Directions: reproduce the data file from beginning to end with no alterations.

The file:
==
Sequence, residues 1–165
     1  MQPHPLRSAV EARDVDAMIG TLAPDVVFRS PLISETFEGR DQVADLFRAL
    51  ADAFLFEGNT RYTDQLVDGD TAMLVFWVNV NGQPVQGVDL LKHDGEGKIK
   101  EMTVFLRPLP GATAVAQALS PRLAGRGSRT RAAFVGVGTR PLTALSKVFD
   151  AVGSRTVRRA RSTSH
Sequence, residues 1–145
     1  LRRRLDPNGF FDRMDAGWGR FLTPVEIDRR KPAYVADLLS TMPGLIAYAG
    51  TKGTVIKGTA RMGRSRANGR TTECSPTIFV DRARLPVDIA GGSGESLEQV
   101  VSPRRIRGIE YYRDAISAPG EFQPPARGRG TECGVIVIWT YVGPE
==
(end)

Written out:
Sequence, residues 1–165
     1  MQPHPLRSAV EARDVDAMIG TLAPDVVFRS PLISETFEGR DQVADLFRAL
    51  ADAFLFEGNT RYTDQLVDGD TAMLVFWVNV NGQPVQGVDL LKHDGEGKIK
   101  EMTVFLRPLP GATAVAQALS PRLAGRGSRT RAAFVGVGTR PLTALSKVFD
   151  AVGSRTVRRA RSTSH
Sequence, residues 1–145
     1  LRRRLDPNGF FDRMDAGWGR FLTPVEIDRR KPAYVADLLS TMPGLIAYAG
    51  TKGTVIKGTA RMGRSRANGR TTECSPTIFV DRARLPVDIA GGSGESLEQV
   101  VSPRRIRGIE YYRDAISAPG EFQPPARGRG TECGVIVIWT YVGPE